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A 77-year-old man was referred to the cornea service for bilateral corneal verticillata noted first by his general ophthalmologist. One year prior to presentation, the patient had undergone coronary artery bypass grafting (CABG). He was discharged with amiodarone and used the medication for 6 weeks. He did not use amiodarone for the 10 months prior to presentation. Prior to his CABG procedure, the patient only used a low dose of lisinopril until he began experiencing progressive dyspnea and fatigue. He was found to have a 5-vessel blockage once he became symptomatic. His symptoms resolved after the CABG surgery, and he remained otherwise healthy. He denied any other symptoms, including headache, rash, joint pain, or chest pain. His medications at time of presentation were aspirin, atorvastatin, and carvedilol. His best-corrected visual acuity was 20/20 OD and 20/25 OS. A slitlamp examination revealed bilateral corneal verticillata and numerous fine anterior stromal crystals (Figure). He had mild nuclear sclerosis in both eyes. His pupils were round and equally reactive, and the remainder of the slitlamp examination and dilated fundus examination were within normal limits.
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Paraproteinemic keratopathy from monoclonal gammopathy of unknown significance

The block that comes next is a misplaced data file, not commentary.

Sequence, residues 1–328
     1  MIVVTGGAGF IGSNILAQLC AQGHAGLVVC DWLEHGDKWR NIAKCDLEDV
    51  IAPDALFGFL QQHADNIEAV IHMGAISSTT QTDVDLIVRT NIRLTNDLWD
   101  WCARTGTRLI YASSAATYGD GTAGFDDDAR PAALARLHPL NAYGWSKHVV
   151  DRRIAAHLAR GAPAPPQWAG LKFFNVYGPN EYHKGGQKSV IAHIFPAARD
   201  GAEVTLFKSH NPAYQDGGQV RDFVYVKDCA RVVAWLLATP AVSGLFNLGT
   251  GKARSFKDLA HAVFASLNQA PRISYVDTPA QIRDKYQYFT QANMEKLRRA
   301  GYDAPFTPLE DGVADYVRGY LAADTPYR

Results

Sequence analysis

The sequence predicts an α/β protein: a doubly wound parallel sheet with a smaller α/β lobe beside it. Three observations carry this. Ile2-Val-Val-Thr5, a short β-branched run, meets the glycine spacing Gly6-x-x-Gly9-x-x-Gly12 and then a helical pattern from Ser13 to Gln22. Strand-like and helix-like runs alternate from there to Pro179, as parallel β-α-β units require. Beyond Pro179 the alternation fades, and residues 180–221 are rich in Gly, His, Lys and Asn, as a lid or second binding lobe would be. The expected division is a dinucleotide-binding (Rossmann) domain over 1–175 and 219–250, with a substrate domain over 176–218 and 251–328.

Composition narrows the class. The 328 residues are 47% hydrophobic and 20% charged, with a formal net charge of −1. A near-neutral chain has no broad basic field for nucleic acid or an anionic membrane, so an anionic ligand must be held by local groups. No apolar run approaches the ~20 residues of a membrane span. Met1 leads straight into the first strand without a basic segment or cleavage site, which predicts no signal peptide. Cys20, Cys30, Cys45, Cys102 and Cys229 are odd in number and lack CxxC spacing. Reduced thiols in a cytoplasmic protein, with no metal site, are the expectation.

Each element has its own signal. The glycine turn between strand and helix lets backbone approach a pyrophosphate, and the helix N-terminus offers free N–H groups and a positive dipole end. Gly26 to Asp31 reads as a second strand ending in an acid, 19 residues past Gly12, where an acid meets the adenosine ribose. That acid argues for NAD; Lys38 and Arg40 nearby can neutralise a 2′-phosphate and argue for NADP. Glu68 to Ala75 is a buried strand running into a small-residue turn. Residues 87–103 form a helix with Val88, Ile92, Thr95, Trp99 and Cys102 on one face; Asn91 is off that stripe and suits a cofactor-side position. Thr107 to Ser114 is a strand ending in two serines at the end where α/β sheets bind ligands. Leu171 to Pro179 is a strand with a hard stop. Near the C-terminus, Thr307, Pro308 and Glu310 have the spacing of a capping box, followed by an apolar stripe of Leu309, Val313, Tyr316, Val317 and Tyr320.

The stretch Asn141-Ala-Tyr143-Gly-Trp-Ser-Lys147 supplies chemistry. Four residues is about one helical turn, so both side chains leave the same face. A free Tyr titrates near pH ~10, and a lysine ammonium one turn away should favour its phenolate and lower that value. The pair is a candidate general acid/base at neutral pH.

D. Initiate laboratory testing for immunoglobulins
Although most patients taking amiodarone will eventually develop corneal verticillata, amiodarone does not classically cause a crystalline keratopathy, for which other conditions should be excluded before reassurance is provided (choice A). Genetic testing (choice B) could be useful in patients with Fabry disease or other metabolic causes of verticillata, but Fabry disease would be less likely in this context. There is no evidence of an infection or an infiltrate, so initiating corneal scraping and culture (choice C) would not be indicated.
Monoclonal gammopathy of unknown significance (MGUS) and multiple myeloma (MM) are dyscrasias of plasma cells that result in elevated levels of abnormal monoclonal antibodies in the blood (paraproteinemia). Patients with MGUS are often asymptomatic and may lack signs of pathology on physical examination. Often, the discovery of MGUS in a patient is incidental when a patient has had laboratory work done for another screening. Multiple myeloma and MGUS may appear similar, although the testing for MM usually reveals higher degrees of paraproteinemia and plasma-cell proliferation. Because of the rate of progression from MGUS to MM (approximately 1% per year), patients with MGUS must be monitored closely to detect conversion to MM.1
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Corresponding Author: Vishal Jhanji, MD, Department of Ophthalmology, University of Pittsburgh School of Medicine, 203 Lothrop St, Pittsburgh, PA 15213 (firstname.lastname@example.org).
Published Online: March 5, 2020. doi:10.1001/jamaophthalmol.2020.0128
Conflict of Interest Disclosures: None reported.
Additional Contributions: We thank the patient for granting permission to publish this information.
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